And the US did not make every effort to resolve the crisis diplomatically. Though Biden may have told Putin that the US was "prepared to discuss our mutual security concerns," they were not. On December 17, 2021, when Russia delivered proposals on security guarantees to the US and NATO, the US rejected Russia’s essential demands for a written guarantee that Ukraine would not join NATO and that NATO wouldn’t arm Ukraine to capacity with weapons, making it a NATO bridgehead on Russia’s border. The US didn’t just reject it: contrary to Blinken’s claim, they were not prepared to discuss it. Derek Chollet, counselor to Secretary of State Antony Blinken, has admitted that the US told Moscow that negotiating NATO expansion into Ukraine was never even on the table, leading Putin to conclude "that fundamental Russian concerns were ignored." Moscow responded with the assessment that the US and NATO had offered "no constructive answer" to Russia’s key security concerns.
Though Biden insists that he repeatedly affirmed Biden’s message that the US was prepared to discuss Russia’s security concerns, the true message that he reaffirmed was that "there is no change in the U.S. and NATO position" and that "there will be no change."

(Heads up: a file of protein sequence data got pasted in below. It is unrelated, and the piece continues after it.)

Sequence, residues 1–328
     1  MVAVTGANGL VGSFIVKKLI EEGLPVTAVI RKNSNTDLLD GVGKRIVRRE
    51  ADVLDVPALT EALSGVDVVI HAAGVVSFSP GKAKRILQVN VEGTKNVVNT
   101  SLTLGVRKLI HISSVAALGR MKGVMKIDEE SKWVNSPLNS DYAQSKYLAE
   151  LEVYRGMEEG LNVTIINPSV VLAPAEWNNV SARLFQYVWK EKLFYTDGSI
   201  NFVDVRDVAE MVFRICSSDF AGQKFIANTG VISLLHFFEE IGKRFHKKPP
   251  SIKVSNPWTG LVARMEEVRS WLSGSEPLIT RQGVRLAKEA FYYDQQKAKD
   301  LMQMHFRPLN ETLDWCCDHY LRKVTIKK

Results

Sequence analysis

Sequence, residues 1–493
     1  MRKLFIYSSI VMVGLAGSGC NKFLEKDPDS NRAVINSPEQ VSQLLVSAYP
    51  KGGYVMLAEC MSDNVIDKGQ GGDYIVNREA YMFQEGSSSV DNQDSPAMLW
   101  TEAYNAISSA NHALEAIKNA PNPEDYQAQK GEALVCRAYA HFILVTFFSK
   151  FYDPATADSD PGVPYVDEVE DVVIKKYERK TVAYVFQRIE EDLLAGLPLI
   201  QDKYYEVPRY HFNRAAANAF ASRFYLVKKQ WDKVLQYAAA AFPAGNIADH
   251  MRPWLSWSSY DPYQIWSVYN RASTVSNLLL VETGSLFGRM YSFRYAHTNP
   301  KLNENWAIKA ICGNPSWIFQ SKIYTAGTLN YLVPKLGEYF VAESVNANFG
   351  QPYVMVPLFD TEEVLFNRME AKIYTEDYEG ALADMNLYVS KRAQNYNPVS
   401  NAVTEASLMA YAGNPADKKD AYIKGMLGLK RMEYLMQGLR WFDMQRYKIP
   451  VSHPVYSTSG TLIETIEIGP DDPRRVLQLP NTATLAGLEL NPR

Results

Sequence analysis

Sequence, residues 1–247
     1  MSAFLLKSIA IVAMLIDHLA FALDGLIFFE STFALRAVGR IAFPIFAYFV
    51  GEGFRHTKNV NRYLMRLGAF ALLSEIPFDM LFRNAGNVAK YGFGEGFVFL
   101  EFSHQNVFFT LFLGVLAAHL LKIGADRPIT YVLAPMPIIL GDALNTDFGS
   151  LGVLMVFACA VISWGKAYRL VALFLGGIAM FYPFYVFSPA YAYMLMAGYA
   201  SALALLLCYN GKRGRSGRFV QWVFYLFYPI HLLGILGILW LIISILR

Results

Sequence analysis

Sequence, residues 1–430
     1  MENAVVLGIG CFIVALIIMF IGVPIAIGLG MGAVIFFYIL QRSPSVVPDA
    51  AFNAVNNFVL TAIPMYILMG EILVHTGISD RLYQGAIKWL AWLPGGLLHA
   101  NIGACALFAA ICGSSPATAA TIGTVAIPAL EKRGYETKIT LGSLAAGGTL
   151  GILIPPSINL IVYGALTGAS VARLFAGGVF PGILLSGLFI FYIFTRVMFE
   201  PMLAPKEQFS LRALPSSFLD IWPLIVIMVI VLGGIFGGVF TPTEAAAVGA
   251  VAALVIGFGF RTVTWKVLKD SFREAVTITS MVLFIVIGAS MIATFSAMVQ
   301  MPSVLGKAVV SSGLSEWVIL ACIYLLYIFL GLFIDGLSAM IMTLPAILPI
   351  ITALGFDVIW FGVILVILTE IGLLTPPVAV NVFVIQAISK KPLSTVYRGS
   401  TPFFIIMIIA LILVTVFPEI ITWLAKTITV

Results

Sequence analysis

The US did not "make every effort" to prevent the war through diplomacy. And once the war began, they did not make every effort to stop the war through diplomacy. Twice in the early weeks of the war there were promising negotiations; twice they were stopped by the US. In April 2022, Turkish mediated talks produced a “tentatively agreed” upon settlement. But, though the agreement satisfied Kiev’s goals, it did not satisfy Washington’s. Turkish Foreign Minister Mevlut Cavusoglu and Numan Kurtulmus, the deputy chairman of Erdogan’s ruling party, have both said that “Zelensky was going to sign,” but “the United States…want[s] this war to continue.” A second round of talks also had “a good chance of reaching a ceasefire,” according to then-Israeli Prime Minister Naftali Bennett who mediated them, before the US, once again, "blocked it."
Blinken insists "that no amount of diplomatic effort was going to change President Putin’s mind. He would choose war." He offers no evidence for that insistence, saying only that "it became clear." But it is not at all clear in the documentary evidence. Putin passed a message to Zelensky through Bennet, promising, "Tell me you’re not joining NATO, I won’t invade," a concession Zelensky was willing to make, according to Bennett, even if the US wasn’t.